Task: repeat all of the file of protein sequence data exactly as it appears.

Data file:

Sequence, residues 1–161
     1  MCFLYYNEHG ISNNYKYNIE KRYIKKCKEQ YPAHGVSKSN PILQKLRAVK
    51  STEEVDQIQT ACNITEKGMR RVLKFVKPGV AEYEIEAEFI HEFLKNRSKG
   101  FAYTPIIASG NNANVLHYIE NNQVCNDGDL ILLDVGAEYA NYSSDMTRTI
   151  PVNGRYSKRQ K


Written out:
Sequence, residues 1–161
     1  MCFLYYNEHG ISNNYKYNIE KRYIKKCKEQ YPAHGVSKSN PILQKLRAVK
    51  STEEVDQIQT ACNITEKGMR RVLKFVKPGV AEYEIEAEFI HEFLKNRSKG
   101  FAYTPIIASG NNANVLHYIE NNQVCNDGDL ILLDVGAEYA NYSSDMTRTI
   151  PVNGRYSKRQ K